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Principles of Human Knowledge and Three…
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Principles of Human Knowledge and Three Dialogues (Oxford World's… (edition 2009)

by George Berkeley (Author)

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Berkeley's idealism started a revolution in philosophy. As one of the great empiricist thinkers he not only influenced British philosophers from Hume to Russell and the logical positivists in the twentieth century, he also set the scene for the continental idealism of Hegel and even thephilosophy of Marx.There has never been such a radical critique of common sense and perception as that given in Berkeley's Principles of Human Knowledge (1710). His views were met with disfavour, and his response to his critics was the Three Dialogues between Hylas and Philonous.This edition of Berkeley's two key works has an introduction which examines and in part defends his arguments for idealism, as well as offering a detailed analytical contents list, extensive philosophical notes and an index.… (more)
Member:AdamFiske
Title:Principles of Human Knowledge and Three Dialogues (Oxford World's Classics)
Authors:George Berkeley (Author)
Info:Oxford University Press (2009), Edition: 1, 288 pages
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Principles of Human Knowledge and Three Dialogues Between Hylas and Philonous by George Berkeley

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Author nameRoleType of authorWork?Status
George Berkeleyprimary authorall editionscalculated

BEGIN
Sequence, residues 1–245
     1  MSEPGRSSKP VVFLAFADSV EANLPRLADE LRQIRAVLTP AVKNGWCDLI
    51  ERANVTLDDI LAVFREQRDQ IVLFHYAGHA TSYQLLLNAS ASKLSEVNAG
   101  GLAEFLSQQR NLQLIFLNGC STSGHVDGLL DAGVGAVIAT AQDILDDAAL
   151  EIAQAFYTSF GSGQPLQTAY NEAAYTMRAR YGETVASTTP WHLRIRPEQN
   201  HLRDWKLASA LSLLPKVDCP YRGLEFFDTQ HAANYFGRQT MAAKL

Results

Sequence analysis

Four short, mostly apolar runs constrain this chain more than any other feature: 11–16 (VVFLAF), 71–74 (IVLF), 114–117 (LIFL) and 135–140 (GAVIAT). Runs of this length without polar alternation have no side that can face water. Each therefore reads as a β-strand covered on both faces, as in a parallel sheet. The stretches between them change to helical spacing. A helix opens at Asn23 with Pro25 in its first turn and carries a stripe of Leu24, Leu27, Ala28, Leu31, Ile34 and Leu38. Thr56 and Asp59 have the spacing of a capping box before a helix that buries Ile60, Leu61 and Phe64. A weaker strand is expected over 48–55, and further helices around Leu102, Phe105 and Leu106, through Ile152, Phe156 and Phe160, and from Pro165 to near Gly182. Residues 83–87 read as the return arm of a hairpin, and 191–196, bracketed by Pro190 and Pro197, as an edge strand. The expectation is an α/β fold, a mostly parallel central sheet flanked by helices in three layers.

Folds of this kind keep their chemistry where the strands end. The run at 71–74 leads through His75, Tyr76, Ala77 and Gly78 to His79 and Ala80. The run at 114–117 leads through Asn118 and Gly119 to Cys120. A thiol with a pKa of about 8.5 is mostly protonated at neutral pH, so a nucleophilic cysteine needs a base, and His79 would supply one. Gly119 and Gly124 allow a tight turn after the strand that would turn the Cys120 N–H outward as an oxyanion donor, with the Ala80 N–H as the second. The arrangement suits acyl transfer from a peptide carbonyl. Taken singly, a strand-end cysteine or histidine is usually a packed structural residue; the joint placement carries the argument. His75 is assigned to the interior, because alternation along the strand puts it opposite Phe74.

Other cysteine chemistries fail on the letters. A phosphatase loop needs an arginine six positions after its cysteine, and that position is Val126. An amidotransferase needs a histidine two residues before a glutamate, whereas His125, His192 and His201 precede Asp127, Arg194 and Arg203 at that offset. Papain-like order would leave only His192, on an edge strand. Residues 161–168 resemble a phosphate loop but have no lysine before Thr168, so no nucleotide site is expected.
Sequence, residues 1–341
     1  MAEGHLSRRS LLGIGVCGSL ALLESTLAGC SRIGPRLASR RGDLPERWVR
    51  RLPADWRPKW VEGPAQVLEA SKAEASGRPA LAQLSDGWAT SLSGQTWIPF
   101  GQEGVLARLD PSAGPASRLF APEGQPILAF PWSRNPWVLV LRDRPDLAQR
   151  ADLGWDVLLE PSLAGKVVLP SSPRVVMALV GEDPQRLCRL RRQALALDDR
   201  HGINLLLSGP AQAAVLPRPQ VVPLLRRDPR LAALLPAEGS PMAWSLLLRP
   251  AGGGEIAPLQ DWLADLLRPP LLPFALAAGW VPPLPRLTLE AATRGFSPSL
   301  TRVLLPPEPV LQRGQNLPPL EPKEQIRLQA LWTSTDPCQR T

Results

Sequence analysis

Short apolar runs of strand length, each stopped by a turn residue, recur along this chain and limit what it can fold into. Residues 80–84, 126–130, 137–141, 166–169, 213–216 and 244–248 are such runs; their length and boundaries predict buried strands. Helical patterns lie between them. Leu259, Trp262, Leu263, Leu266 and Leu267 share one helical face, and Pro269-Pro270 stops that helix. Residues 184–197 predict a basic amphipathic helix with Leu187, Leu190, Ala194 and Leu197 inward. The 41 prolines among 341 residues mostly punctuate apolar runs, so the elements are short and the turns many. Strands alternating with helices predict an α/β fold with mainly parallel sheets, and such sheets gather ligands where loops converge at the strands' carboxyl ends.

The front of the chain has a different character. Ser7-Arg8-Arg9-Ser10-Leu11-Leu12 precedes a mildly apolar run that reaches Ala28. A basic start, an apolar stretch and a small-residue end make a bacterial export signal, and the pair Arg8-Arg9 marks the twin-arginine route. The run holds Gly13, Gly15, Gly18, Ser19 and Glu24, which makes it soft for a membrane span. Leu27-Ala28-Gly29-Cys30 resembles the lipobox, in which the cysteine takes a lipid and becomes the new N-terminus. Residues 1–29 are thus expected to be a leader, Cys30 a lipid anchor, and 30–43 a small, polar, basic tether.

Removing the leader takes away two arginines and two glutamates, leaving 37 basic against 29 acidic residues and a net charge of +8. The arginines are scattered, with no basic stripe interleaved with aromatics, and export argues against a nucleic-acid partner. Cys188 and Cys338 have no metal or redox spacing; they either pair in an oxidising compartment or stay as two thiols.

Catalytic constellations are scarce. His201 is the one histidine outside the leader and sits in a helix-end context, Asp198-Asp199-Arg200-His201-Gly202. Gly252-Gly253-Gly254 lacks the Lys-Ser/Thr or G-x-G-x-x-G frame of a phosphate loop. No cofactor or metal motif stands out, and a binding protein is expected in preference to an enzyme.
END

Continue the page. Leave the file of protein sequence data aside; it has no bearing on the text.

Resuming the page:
Ikere, ZaigaTranslatorsecondary authorsome editionsconfirmed
Warnock, G.J.Editorsecondary authorsome editionsconfirmed
Warnock., G. J.Editorsecondary authorsome editionsconfirmed
Woolhouse, RogerEditorsecondary authorsome editionsconfirmed
Zariņš, VilnisForewordsecondary authorsome editionsconfirmed
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Berkeley's idealism started a revolution in philosophy. As one of the great empiricist thinkers he not only influenced British philosophers from Hume to Russell and the logical positivists in the twentieth century, he also set the scene for the continental idealism of Hegel and even thephilosophy of Marx.There has never been such a radical critique of common sense and perception as that given in Berkeley's Principles of Human Knowledge (1710). His views were met with disfavour, and his response to his critics was the Three Dialogues between Hylas and Philonous.This edition of Berkeley's two key works has an introduction which examines and in part defends his arguments for idealism, as well as offering a detailed analytical contents list, extensive philosophical notes and an index.

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Penguin Australia

An edition of this book was published by Penguin Australia.

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